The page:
The Economist: OUTSIDE the white fence is all strip malls, motels and resort villages. Come off the six-lane highway at the spaghetti junction where Interstate 4 meets Highway 192, go past the ornamental water tower, and you are in Celebration, a town of the sort that America stopped building in the 1950s. Most of its 4,000 homes are small by suburban standards, jutting up against narrow streets. Children walk to school. The small downtown has no chains, apart from an obligatory Starbucks. Its 10,000-odd residents are mostly white, white-collar and Republican. In some ways it is a vision of America’s past. Yet Celebration is only 20 years old.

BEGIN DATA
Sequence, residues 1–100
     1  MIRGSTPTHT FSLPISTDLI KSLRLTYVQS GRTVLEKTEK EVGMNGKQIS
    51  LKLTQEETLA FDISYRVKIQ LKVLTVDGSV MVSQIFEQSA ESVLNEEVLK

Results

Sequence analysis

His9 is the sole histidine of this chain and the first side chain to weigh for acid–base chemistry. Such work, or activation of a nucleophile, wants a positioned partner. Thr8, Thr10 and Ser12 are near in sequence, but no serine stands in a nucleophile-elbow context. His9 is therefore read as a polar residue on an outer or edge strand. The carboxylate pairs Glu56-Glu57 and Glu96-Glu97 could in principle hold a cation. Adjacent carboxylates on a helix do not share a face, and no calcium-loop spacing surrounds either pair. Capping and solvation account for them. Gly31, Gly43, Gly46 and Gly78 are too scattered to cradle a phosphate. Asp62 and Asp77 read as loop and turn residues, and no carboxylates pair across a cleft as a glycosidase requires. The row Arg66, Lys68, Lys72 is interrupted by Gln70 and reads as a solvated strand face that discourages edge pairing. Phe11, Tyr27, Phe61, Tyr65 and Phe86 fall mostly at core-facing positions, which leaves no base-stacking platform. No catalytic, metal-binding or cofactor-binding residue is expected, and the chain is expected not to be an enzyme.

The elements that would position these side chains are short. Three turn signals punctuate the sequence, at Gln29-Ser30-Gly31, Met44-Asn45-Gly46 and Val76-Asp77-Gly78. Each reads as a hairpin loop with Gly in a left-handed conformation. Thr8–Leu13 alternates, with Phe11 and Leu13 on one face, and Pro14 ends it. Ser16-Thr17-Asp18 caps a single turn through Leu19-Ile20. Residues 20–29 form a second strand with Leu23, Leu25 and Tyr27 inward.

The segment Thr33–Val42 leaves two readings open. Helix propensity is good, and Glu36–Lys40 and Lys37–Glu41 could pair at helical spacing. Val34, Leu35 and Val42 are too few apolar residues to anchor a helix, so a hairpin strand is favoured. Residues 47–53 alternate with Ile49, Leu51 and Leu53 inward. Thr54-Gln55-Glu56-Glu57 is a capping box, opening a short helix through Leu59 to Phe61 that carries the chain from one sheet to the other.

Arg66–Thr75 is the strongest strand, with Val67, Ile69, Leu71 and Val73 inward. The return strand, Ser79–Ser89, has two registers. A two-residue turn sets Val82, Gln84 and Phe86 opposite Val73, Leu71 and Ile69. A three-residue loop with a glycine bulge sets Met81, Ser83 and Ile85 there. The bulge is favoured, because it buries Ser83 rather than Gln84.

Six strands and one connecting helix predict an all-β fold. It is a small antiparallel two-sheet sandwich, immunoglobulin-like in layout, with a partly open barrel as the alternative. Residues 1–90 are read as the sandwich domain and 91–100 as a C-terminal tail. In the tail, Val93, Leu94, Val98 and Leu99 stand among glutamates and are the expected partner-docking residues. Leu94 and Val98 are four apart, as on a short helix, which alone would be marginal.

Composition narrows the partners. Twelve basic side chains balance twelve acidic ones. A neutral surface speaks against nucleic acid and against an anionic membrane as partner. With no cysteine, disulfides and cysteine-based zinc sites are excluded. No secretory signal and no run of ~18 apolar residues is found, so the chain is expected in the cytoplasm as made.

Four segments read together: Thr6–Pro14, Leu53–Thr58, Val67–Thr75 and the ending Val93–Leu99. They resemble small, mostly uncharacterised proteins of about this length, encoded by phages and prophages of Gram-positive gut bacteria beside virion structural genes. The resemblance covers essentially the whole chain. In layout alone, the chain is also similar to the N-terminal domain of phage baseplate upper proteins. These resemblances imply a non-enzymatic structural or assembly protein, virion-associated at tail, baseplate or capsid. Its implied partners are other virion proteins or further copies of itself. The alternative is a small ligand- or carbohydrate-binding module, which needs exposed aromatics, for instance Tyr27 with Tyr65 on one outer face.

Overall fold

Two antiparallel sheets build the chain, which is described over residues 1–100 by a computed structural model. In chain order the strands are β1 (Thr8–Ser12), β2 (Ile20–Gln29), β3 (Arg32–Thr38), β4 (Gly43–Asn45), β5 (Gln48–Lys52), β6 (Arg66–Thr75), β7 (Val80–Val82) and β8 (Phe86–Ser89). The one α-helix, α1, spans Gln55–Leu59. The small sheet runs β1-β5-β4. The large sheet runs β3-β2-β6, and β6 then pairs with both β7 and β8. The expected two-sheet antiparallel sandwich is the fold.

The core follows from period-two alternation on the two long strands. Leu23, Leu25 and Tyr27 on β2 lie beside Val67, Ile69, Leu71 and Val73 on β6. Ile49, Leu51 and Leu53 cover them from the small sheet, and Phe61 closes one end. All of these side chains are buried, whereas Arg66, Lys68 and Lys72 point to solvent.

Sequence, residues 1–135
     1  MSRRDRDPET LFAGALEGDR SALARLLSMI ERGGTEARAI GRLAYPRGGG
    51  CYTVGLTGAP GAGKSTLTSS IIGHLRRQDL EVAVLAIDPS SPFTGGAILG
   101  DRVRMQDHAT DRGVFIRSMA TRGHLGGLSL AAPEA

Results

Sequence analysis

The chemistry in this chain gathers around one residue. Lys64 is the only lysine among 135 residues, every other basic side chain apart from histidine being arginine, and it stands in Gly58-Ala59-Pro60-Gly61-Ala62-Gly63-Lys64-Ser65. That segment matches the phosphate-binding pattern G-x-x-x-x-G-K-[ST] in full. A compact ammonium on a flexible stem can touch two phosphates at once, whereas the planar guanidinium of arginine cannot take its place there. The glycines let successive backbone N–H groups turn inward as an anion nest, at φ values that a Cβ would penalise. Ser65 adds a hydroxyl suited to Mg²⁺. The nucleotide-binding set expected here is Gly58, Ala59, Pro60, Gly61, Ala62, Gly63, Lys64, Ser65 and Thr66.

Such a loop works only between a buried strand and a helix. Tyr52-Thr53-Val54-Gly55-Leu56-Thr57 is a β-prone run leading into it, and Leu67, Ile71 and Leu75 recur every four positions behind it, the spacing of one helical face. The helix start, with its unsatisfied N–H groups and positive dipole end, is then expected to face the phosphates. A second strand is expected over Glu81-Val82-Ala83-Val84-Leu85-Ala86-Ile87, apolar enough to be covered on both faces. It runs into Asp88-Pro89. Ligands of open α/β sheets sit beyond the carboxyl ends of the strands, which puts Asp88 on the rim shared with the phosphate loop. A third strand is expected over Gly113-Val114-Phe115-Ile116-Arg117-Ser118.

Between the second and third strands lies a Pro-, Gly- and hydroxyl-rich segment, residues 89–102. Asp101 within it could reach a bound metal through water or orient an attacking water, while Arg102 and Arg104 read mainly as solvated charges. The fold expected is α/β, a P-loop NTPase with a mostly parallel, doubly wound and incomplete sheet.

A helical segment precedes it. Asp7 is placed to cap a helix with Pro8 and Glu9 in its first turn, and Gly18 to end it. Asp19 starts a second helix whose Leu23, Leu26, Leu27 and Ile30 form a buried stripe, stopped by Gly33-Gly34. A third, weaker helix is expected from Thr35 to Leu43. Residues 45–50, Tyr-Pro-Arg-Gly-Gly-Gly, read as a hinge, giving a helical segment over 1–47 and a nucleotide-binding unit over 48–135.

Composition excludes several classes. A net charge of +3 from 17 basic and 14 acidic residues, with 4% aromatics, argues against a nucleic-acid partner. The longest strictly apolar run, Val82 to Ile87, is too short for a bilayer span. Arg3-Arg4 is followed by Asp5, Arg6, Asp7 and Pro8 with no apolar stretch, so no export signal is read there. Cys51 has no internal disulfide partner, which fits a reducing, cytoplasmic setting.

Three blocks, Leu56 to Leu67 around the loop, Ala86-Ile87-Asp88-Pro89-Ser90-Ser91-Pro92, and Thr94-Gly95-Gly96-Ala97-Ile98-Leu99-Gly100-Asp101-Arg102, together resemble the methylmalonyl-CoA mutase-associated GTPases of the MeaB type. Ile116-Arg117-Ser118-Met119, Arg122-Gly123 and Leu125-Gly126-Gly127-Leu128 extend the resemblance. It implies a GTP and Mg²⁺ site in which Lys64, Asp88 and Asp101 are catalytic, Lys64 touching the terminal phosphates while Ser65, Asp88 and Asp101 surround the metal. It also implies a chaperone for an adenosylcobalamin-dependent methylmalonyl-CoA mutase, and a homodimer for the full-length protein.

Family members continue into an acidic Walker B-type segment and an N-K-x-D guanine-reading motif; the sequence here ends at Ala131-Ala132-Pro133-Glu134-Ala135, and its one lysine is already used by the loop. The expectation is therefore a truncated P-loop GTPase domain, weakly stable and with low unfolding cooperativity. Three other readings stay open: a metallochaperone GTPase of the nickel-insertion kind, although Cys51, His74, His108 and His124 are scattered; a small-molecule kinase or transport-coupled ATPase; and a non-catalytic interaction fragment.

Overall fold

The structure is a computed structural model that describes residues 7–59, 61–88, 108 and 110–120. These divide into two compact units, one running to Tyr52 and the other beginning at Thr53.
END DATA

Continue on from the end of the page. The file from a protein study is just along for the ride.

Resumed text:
The town was developed by Disney as an antidote to the isolation of the suburbs. By the 1970s more Americans lived in suburbs than either in cities or in rural areas. Two decades later there were more cars than drivers in America. By the turn of the century, SUV-driving suburbanites became the majority, outnumbering rural and city folk combined. The wholesale shift to the suburbs, ever-longer commutes and the rise of shopping malls and big-box stores fractured community life, as downtowns emptied and commerce shifted to the edges of highways.